Tuesday, April 25, 2006

lesson plan for science class

Brenna Wade
April 24, 2006
Science Methods
Lesson Plan

1. The student will be able to explore and comprehend the basic characteristics of solids, liquids, and gases.
2. The student will be able to understand processes needed to change matter from one state to another (condensation, evaporation, melting, and freezing)

SOL Correlation: SOL 2.3 Matter

In groups of four the students will need three plastic ziploc bags, a small block of wood or other solid item, one cup of water, one bottle of soda, and one balloon.

Type of Lesson/Format: Interactive

First I will ask the student what matter is and write a KWL chart on the board. I will fill in what they know already about it. Then I will read them the book, “Matter: Touch it, Taste It, Smell It”, while asking them the questions presented in the book. I will read all the fun facts to them so that they become engaged because they are interesting. Then I will take them outside and have them find things in that we read in the book that are each state of matter.

I will then tell them that we will be doing an experiment and write what they want to know on the KWL chart. I will put the students in groups of four and give each group all of the materials above. I will designate each student a different role so that they all feel that they have a responsibility in the experiment. Then I will help them fill one bag with a cup of water and close it tightly, put the block or other solid object in another bag, and then blow air into the last bag. I will have them make observations about each bag and then differentiate among them which is a solid, liquid, and a gas. Then I will have them take a soda bottle and put a balloon on the top very tightly and quickly and observe what happens for the remainder of the class lesson, to show how the gas travels from the soda and fills the balloon.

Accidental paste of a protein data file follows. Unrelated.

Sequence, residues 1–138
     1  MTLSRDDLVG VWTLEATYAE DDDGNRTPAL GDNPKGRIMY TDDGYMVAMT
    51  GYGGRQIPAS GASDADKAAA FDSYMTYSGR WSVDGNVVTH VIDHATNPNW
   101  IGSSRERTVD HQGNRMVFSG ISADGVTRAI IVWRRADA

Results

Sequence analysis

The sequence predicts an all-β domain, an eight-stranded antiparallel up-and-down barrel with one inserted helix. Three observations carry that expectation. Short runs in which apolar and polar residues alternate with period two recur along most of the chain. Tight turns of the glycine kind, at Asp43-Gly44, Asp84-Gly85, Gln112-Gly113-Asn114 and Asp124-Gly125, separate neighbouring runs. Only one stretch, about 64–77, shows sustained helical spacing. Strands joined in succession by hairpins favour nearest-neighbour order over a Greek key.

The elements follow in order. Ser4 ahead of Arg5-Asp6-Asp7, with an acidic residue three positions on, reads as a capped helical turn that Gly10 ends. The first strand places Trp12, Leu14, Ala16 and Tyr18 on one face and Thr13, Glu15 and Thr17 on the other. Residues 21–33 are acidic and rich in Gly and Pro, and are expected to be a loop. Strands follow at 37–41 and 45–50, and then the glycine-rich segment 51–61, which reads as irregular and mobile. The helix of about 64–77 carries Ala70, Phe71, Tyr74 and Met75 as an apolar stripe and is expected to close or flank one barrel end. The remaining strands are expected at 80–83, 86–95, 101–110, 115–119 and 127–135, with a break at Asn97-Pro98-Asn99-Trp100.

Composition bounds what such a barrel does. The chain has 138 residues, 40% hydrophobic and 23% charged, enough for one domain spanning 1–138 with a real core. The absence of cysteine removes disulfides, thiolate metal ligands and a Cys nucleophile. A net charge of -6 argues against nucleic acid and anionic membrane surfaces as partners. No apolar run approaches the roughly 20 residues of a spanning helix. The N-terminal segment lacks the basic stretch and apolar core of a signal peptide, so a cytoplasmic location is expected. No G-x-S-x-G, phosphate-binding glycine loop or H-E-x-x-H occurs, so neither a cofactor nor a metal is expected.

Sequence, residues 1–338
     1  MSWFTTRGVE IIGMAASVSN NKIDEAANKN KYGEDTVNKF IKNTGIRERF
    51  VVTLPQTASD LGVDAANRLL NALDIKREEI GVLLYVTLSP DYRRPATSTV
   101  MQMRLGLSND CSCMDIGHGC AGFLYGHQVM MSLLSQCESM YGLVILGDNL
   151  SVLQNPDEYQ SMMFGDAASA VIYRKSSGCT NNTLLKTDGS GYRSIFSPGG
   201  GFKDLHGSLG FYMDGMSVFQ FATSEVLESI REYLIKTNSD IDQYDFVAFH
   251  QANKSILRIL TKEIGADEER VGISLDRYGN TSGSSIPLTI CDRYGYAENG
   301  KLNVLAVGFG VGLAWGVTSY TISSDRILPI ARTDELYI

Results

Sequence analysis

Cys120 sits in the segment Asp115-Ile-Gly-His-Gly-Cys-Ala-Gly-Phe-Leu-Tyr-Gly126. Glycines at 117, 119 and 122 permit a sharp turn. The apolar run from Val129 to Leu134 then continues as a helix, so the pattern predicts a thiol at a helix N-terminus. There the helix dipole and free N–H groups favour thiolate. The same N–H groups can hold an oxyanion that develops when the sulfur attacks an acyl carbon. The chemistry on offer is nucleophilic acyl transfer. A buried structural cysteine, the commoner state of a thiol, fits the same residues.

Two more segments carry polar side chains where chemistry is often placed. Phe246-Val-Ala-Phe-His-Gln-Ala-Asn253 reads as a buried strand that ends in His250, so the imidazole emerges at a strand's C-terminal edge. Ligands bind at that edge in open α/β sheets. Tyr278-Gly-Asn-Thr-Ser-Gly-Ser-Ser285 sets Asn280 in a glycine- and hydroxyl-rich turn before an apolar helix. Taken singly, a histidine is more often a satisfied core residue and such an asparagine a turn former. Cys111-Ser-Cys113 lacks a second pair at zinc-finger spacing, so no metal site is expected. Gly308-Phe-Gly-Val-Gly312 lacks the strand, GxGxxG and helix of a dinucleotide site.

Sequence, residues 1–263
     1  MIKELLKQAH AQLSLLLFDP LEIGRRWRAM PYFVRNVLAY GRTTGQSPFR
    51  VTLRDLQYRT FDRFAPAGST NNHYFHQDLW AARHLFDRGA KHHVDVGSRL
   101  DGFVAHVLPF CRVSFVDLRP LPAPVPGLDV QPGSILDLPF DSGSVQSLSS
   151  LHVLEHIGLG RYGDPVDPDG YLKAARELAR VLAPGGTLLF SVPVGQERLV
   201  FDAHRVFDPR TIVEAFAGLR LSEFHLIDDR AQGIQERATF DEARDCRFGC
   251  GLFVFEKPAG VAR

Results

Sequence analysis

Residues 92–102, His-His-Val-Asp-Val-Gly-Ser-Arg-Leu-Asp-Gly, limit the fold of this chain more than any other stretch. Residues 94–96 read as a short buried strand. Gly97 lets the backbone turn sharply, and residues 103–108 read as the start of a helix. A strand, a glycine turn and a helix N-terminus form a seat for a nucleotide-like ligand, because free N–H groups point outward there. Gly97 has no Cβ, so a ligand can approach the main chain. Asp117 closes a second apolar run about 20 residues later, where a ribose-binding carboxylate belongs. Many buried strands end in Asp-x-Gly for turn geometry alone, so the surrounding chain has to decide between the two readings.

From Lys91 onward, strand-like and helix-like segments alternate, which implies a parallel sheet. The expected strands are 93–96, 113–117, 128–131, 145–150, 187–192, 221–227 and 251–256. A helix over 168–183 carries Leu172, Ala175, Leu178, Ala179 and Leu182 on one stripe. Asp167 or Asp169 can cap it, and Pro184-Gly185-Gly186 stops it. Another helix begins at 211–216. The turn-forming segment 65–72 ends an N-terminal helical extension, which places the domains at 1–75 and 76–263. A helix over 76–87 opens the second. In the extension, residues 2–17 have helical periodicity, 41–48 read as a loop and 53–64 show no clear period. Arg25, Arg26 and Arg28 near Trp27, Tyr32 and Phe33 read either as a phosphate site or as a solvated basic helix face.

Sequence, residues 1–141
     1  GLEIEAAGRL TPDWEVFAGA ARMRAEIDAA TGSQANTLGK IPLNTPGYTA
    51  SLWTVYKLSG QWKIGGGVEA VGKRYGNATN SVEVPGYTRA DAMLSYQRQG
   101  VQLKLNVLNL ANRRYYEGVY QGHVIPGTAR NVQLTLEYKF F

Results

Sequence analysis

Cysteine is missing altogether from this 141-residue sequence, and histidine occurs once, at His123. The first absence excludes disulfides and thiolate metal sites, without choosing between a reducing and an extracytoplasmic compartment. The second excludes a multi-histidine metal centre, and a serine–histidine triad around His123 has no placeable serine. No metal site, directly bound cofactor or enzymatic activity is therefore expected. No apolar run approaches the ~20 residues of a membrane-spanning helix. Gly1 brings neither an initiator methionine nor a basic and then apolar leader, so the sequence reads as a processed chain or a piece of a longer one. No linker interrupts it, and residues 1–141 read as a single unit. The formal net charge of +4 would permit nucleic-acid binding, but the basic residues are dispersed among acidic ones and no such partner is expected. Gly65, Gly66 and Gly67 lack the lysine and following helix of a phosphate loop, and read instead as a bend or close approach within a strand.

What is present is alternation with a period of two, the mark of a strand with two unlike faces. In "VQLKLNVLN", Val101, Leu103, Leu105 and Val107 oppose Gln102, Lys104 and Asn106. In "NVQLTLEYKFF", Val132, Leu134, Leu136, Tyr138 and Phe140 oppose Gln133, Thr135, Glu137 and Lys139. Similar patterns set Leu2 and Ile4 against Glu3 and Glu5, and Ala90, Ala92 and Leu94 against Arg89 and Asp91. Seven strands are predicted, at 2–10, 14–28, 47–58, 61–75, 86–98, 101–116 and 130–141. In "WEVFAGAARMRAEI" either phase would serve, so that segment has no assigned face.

Stille, Darlene R. “Matter: See It, Touch It, Taste It, Smell It.” Minneapolis, Minnesota: Picture Window Books, 2004.
This book gives the different states of matter through the use of colorful pages and pictures so that the students can see the states of matter in their daily lives. It also gives an experiment showing different solids and whether they are hard of soft, whether the items tear, break, or float.

Tocci, Salvatore. “Experiments with Solids, Liquids, and Gases”. New York: Children’s Press, 2001.

This book gives a description of solids, liquids, and gases. It gives experiments that can be implemented in the classroom in order to make the students see the different states of matter. My favorite experiment is in putting a glass on top of a few books and another glass on the table beside it. Then put a cloth in the cup with the mud and have it fall into the empty glass on the table. Leave it overnight and the cups with eventually separate into the mud in one and clean water in the other.

Fleisher, Paul. “Matter and Energy: Principles of Matter and Thermodynamics.” Minneapolis, Minnesota: Lerner Publications Company, 2002.

This book gives a more detailed look at the laws of conservation of matter. It is a book that I think it would consult before teaching the lesson to the students to make sure that I had the proper knowledge for the subject in case they had any questions to ask about it. It is not a young children’s book. It gives biographies of a few scientists and a spot for further reading.


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